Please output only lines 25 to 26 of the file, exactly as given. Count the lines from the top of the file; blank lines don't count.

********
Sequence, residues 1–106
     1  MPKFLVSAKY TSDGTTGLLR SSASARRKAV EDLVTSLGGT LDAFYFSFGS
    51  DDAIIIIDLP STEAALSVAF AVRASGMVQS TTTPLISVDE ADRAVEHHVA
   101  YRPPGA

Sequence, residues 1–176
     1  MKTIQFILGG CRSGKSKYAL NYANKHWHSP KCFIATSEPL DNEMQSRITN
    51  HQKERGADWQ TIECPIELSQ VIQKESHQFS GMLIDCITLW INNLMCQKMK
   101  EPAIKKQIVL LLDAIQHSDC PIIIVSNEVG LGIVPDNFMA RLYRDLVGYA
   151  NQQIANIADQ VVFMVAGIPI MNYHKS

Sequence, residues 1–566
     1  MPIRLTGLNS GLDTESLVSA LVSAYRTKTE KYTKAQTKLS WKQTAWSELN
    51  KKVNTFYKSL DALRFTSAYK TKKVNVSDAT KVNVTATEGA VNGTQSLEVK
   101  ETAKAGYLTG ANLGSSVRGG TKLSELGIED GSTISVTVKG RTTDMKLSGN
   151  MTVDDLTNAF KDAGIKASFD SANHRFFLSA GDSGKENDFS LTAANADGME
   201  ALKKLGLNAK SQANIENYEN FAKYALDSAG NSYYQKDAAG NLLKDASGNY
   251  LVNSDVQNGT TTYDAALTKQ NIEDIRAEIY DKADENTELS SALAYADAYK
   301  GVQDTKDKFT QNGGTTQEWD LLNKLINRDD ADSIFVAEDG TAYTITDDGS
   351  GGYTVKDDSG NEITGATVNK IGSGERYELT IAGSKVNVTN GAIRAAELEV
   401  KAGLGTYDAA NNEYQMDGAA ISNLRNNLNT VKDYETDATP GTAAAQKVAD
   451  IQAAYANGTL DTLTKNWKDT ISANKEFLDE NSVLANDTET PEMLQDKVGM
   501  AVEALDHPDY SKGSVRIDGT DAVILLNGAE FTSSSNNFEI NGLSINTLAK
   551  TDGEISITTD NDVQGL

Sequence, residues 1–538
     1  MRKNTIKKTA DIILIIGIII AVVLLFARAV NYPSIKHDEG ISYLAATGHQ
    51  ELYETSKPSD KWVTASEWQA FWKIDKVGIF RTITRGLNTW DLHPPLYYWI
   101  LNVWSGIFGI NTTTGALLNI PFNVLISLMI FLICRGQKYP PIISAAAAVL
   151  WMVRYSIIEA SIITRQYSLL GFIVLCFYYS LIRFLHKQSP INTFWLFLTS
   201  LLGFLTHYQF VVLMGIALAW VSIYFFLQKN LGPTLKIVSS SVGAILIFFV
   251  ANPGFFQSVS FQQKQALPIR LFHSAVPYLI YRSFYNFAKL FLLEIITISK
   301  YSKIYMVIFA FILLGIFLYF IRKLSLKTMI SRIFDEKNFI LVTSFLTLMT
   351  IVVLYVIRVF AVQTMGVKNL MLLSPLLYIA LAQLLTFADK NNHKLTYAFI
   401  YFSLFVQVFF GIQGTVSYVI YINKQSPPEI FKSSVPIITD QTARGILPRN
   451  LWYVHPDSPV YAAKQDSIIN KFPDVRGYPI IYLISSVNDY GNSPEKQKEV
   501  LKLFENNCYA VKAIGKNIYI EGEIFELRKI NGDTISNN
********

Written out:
    51  ELYETSKPSD KWVTASEWQA FWKIDKVGIF RTITRGLNTW DLHPPLYYWI
   101  LNVWSGIFGI NTTTGALLNI PFNVLISLMI FLICRGQKYP PIISAAAAVL